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Out-of-state students left in limbo on shots

Valley News Staff Writer
Published: 3/31/2021 10:20:45 PM
Modified: 3/31/2021 10:20:42 PM

HANOVER — While the Twin States’ governors have both said they don’t plan to make COVID-19 vaccines available to out-of-state college students, the students and their supporters may prevail in the end.

Dartmouth College Provost Joseph Helble in a Community Conversation on Wednesday urged out-of-state students to “sit tight for a week or two” before planning trips home to get vaccinated as Dartmouth officials, along with leaders from other New Hampshire colleges, urge Gov. Chris Sununu to set a time frame to vaccinate students at residential colleges.

Helble said he was “cautiously optimistic” that Sununu might be convinced to allow students to receive both required shots in New Hampshire before they leave at the end of spring term. Spring term final exams end June 8 at Dartmouth and commencement is planned for June 13.

Sununu said last week that only New Hampshire residents would be eligible for the vaccine when eligibility expands Friday to include anyone age 16 and over, and that out-of-state college students should return to their home states to get vaccinated.

Similarly, Vermont Gov. Phil Scott also said during a Tuesday news conference that to be vaccinated in Vermont, students at Vermont colleges would need to be residents, at least initially. Depending on whether the state has vaccines remaining after residents are vaccinated, Scott said Vermont “may be able to offer it to out-of-staters.” All Vermonters 16 and older will be eligible for vaccination by April 19.

Jason Maulucci, Scott’s press secretary, sought to clarify the governor’s position in a statement issued Wednesday evening. “The Governor has repeatedly said he hopes and expects to make vaccines available to all people in Vermont, including all college students,” Maulucci wrote.

College students may be considered Vermont residents for vaccination purposes if they moved to Vermont within the past six months with the intention of becoming a resident, including students who intend to stay in the state this summer. Those who are residents of another state and plan to leave Vermont this summer don’t count as Vermonters “at this time,” Maulucci said.

Should vaccine supplies continue at the current level, Maulucci said both out-of-state college students and second homeowners could become eligible for vaccination on April 30.

Advocates, including a nonprofit consortium that includes 21 public and private campuses in New Hampshire are working to expand students’ access to the vaccines in the Granite State.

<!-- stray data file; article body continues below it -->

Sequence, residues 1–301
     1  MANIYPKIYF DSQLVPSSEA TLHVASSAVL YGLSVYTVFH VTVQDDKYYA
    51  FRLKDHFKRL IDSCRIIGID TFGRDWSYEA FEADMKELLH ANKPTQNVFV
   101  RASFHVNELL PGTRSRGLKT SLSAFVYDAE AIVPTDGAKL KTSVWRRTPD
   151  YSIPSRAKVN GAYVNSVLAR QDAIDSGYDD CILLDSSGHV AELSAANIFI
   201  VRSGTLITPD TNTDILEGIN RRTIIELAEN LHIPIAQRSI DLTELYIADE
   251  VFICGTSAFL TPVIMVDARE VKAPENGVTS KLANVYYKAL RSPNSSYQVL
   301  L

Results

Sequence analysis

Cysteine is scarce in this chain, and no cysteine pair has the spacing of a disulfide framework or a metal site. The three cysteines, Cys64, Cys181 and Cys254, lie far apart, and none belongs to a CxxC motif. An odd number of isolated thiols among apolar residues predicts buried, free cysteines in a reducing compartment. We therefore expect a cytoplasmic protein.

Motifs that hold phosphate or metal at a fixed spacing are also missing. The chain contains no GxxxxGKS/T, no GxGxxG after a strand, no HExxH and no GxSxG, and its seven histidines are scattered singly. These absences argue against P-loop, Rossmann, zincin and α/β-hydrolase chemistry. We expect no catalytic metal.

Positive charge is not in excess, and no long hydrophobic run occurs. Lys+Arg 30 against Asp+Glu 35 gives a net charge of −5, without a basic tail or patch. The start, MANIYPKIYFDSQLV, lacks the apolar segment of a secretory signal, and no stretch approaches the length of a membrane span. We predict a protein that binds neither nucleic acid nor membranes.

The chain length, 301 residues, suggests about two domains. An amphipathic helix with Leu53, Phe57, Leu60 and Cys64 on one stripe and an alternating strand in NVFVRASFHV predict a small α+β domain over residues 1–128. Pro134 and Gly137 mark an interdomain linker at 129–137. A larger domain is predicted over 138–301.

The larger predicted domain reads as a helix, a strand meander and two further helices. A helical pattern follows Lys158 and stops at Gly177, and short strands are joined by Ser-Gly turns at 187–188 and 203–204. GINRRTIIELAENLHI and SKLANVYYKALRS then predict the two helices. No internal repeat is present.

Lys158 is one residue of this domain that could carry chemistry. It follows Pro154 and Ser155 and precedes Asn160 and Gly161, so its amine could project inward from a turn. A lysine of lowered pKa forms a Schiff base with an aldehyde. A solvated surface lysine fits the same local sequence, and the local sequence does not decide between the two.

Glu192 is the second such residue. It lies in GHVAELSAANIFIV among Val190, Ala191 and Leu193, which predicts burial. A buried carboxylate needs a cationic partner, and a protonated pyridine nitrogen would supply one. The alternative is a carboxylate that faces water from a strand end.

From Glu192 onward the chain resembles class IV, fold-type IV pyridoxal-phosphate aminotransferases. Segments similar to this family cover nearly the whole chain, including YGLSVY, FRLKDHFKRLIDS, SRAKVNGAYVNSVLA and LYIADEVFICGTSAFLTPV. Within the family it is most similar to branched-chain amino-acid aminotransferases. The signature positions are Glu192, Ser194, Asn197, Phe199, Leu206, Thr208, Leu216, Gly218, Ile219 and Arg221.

“The New Hampshire College and University Council has entered into discussions with the Governor’s Office to identify a time frame for out of state students to be eligible for the state’s VINI registration program,” Michele Perkins, chair of the council and president of New England College, said Wednesday.

She said colleges recognized the need to prioritize New Hampshire residents, but as the vaccine process unfolds ahead of the original schedule, they are hopeful the state will offer the vaccine to all students who want it.

The announcement came hours after Democratic lawmakers and college students held a news conference to object to the governor’s decision, according to the Associated Press.

“Vaccinating the student population would save lives and livelihoods,” said Dartmouth student Hannah Dunleavy.

“Clearly, students at Dartmouth are contracting COVID-19 at high rates, and we risk spreading the virus to people in the town of Hanover if we don’t vaccinate students,” she said. “The virus doesn’t care if we live in New Hampshire nine months out of the year or all year round.”

Vt. hospitals welcome vaccinated visitors

SPRINGFIELD, Vt. — Fully vaccinated people may now visit their loved ones in Vermont hospitals, according to new guidance from the Agency of Human Services.

Visitors will be required to wear masks and to show proof of vaccination upon entrance to the hospital, such as a COVID-19 vaccination card, according to the new guidance that went into effect on Wednesday and was posted to Springfield Hospital’s website. To be considered fully vaccinated, two weeks must have passed since visitors have completed the total required doses of the vaccine.

Unvaccinated visitors are still not permitted, except in certain circumstances including: one support person for labor and delivery; one support person for pediatric patients; one support person for people undergoing same-day surgery; and one support person for people with communication challenges. Visitation at the end of life is up to the care team.

Dartmouth-Hitchcock had already relaxed its visitor restrictions in mid-March.

White River Valley School goes remote

SOUTH ROYALTON — Students on both campuses of the White River Valley School will be learning remotely for the remainder of the week due to a case of COVID-19, according to the superintendent.

The move affects all students in preK-12 at both the South Royalton and Bethel campuses, said White River Valley Supervisory Union Superintendent Jamie Kinnarney in a Wednesday message to families.

Students are expected to return for in-person instruction on Monday, he wrote. Close contacts of the person who tested positive should expect a call from either the school or the Vermont Department of Health.

Material from the Associated Press was used in this report. Nora Doyle-Burr can be reached at ndoyleburr@vnews.com or 603-727-3213.




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